> convergence?
> What can television learn from the digital experiments in radio?
> Radio broadcasting has embraced the digital revolution ahead of
> television. Internet radio currently has a global audience of 
> up to 15 million people, and has already generated significant 
> changes in the business and social practices of broadcasting. 
> In some cases developing countries are world leaders in 
> Internet-delivered radio and digital radio satellite networks, 
> with operational models that are only recently under development 
> in technologically advanced nations.
> What will their new media content look like?
> A panel of new media entrepreneurs from around the world talk 
> about the future of interactive television and what programming 
> they plan to create as they shape the digital media landscape 
> of the future. These innovators are of a generation for whom 
> the interactive world of e-mail, chat and the Internet are a 
> seamless part of their techno-savvy and media-centric lives. 
> For them, the computer has never been more threatening to operate
> than a television set, so they start from a level field when 
> exploring the relative merits of watching and interacting with 
> TV programs on television, personal computer, telephone, or 
> new hybrids they are just now testing.
> --------------------------------------------------------------
> The final plenary will include:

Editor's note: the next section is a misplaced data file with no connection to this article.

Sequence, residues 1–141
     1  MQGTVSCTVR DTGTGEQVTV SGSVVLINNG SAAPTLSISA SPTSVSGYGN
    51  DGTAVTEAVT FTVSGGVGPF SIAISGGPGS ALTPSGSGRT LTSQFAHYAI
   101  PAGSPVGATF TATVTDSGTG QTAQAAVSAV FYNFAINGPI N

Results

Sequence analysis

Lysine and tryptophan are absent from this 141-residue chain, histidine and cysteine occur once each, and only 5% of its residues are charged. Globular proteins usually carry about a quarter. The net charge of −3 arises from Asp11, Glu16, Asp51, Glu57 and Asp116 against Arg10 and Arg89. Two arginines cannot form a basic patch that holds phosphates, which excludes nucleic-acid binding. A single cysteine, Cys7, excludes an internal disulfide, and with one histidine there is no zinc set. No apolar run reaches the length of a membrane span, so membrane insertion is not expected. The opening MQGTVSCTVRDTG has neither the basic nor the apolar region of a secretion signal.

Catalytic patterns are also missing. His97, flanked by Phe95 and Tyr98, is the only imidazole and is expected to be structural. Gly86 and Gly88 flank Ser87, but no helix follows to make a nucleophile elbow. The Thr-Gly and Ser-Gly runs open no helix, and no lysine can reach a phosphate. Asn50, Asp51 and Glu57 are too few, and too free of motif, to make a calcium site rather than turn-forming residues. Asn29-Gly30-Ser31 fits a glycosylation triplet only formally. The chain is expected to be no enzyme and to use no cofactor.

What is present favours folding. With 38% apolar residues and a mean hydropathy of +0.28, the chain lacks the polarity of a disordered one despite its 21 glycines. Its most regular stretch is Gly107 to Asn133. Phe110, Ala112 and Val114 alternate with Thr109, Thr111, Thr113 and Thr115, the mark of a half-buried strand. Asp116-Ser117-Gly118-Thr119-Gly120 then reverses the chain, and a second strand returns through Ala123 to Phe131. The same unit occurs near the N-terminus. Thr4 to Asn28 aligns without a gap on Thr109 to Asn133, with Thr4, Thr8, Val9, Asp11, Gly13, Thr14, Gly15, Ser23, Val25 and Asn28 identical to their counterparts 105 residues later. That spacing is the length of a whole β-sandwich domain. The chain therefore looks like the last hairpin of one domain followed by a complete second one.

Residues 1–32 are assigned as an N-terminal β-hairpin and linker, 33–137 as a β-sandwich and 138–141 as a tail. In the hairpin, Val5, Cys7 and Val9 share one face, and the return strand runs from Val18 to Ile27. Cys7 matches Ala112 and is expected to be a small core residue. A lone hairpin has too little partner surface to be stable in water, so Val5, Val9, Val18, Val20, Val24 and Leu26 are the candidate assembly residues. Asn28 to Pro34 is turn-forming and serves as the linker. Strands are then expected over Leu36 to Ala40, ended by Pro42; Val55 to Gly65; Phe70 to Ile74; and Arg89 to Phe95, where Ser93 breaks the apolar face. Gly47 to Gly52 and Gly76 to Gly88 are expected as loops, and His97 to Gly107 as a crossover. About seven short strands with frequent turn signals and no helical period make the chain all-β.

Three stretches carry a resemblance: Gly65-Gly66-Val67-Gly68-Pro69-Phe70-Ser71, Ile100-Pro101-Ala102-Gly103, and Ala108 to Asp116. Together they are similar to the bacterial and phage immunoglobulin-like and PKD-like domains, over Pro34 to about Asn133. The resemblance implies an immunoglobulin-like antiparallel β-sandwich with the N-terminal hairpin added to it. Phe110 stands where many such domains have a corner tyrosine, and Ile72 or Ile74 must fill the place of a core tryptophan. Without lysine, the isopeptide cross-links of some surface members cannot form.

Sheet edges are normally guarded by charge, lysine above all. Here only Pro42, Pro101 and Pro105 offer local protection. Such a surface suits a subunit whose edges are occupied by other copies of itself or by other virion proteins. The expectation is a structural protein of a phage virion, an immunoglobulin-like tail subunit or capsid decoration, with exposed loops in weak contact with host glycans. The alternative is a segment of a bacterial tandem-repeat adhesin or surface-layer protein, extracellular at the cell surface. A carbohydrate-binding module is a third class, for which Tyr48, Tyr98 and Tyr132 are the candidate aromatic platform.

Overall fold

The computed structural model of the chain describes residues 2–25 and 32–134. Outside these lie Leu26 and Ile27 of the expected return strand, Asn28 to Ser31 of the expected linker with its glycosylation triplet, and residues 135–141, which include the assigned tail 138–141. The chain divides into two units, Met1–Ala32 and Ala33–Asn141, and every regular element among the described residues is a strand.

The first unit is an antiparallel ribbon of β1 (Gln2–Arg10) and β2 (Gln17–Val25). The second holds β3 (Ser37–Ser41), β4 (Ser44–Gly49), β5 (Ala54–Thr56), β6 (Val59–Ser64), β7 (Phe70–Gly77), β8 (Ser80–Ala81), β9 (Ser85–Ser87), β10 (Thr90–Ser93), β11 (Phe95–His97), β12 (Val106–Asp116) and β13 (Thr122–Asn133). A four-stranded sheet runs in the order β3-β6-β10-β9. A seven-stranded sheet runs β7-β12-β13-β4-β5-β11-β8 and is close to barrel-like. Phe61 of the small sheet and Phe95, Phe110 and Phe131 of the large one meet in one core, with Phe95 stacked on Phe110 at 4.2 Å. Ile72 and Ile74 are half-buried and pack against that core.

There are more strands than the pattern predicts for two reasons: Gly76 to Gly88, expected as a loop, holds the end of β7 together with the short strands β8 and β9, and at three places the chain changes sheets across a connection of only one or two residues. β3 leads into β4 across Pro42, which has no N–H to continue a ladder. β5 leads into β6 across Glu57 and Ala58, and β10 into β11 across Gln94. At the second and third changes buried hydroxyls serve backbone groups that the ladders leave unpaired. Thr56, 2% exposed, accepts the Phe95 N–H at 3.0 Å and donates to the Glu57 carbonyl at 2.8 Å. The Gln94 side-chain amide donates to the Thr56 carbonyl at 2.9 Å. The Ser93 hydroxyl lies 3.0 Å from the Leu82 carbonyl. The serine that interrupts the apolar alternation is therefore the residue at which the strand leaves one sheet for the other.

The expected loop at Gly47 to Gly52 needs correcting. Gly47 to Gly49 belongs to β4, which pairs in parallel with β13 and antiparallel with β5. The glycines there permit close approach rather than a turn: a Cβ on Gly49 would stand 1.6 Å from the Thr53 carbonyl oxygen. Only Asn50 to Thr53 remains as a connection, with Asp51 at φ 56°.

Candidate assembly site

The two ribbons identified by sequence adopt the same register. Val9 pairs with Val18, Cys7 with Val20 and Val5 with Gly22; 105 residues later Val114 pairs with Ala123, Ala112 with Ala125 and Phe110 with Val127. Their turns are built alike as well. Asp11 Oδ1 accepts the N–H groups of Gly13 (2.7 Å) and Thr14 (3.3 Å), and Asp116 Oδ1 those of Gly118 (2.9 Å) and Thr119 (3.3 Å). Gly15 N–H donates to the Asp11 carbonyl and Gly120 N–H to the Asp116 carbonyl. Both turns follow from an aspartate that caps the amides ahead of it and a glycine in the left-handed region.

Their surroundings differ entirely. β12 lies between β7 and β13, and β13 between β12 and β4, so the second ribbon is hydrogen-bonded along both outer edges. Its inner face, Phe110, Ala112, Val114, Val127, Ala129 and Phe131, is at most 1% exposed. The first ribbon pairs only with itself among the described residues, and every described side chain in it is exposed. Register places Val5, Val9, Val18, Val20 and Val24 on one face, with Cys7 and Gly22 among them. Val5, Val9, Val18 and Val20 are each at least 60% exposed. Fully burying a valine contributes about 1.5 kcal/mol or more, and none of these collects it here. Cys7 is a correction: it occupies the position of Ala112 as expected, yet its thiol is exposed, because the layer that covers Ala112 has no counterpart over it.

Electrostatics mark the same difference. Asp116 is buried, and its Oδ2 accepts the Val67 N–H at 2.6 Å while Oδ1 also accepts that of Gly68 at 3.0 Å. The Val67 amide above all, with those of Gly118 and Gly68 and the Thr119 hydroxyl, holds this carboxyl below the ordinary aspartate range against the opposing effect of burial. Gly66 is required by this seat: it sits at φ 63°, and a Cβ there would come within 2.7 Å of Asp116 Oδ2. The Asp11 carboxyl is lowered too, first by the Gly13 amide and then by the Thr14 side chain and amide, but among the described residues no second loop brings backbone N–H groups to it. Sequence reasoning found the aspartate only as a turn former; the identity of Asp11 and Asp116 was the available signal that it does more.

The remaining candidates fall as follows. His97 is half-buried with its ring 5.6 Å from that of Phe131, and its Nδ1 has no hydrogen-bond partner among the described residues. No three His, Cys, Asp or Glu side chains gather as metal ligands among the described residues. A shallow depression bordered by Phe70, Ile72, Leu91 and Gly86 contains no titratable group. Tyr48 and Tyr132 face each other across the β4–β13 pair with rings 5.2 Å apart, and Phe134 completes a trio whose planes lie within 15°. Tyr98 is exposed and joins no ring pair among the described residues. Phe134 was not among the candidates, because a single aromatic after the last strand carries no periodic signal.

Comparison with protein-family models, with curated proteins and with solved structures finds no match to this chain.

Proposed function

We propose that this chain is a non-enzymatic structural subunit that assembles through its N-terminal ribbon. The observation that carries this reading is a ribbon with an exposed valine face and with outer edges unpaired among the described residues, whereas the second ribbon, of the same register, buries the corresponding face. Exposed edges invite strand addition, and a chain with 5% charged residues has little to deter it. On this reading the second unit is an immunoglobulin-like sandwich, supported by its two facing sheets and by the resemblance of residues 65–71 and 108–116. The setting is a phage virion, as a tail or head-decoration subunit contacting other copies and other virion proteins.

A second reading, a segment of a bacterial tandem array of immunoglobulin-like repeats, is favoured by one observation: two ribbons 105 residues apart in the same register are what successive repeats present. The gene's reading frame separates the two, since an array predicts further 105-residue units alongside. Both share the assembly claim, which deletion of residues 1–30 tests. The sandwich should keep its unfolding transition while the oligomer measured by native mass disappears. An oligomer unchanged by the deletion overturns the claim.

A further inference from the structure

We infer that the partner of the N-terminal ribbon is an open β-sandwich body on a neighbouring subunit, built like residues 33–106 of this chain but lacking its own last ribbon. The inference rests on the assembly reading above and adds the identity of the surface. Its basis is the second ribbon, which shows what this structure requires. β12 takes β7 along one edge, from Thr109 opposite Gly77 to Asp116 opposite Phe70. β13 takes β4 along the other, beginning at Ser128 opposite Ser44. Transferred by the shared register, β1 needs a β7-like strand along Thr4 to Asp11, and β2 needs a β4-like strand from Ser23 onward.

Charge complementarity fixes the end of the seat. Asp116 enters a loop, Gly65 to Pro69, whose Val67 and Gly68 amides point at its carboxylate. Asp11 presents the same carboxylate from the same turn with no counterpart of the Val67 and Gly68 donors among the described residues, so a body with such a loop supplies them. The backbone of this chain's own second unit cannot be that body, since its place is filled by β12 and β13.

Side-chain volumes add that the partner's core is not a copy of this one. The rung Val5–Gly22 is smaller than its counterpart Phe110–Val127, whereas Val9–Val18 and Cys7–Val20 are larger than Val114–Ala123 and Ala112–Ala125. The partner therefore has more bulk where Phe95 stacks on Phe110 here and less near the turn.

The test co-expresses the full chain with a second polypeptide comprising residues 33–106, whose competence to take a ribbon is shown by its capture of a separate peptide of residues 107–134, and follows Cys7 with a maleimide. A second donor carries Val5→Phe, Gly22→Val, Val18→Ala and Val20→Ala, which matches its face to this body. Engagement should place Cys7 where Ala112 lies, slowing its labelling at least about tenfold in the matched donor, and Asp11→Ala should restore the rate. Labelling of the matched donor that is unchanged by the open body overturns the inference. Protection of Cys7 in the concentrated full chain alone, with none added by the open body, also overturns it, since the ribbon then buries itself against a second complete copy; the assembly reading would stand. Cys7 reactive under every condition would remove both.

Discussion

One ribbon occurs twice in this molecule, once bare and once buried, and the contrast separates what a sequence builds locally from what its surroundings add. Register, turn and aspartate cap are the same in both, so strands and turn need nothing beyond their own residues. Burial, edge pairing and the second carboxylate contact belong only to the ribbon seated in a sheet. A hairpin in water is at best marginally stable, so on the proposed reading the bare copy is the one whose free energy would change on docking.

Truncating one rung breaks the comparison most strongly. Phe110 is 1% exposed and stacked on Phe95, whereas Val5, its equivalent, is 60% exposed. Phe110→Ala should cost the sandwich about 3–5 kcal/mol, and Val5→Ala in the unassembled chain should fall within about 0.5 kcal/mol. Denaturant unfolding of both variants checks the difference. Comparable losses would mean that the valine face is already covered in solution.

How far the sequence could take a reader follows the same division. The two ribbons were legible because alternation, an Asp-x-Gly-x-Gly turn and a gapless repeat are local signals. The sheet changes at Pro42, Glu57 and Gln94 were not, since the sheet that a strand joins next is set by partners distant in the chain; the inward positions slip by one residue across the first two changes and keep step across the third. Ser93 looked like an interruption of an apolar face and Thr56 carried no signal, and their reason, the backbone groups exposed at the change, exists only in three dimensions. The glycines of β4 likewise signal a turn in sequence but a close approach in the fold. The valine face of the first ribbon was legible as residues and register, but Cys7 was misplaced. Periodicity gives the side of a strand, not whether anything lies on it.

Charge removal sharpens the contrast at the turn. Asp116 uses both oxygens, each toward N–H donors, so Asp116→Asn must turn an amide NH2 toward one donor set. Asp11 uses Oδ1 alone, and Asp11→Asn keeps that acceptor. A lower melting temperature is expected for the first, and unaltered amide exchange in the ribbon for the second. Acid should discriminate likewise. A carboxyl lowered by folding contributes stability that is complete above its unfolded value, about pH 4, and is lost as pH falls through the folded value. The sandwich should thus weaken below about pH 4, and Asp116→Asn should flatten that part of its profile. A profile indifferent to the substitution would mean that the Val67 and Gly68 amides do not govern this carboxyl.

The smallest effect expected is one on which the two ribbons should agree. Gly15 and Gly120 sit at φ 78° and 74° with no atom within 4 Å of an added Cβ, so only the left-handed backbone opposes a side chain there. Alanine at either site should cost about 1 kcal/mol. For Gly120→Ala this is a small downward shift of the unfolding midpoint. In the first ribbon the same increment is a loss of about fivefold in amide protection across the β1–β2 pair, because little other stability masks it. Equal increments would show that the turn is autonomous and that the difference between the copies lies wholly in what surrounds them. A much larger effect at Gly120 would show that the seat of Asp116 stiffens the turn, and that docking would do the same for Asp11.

> How are old and new media bridging the divide?
> Digital next-wave countries, home to most of the human family, 
> currently have almost no voice in shaping a revolution that will 
> profoundly affect them before long. The Forum will explore the 
> role of the television industry in extending the digital domain 
> to encompass the globe. How can next-wave countries gain a seat 
> at the table, as models of convergence in television and the 
> Internet are developed, to ensure that our collective digital 
> future contributes to a vibrant and diverse mosaic of cultures 
> and voices? Decisions on convergence must continue to consider 
> lessons learned from alternate Internet models now being 
> experimented within developing regions including shared access 
> to technology and services in the form of community telecenters 
> and the potential this represents for using existing broadcasters 
> as virtual community gateways to the information society.
> --------------------------------------------------------------
> -end-

* Verspreid via nettime-nl. Commercieel gebruik niet
* toegestaan zonder toestemming. <nettime-nl> is een
* open en ongemodereerde mailinglist over net-kritiek.
* Meer info, archief & anderstalige edities:
* Contact: Menno Grootveld (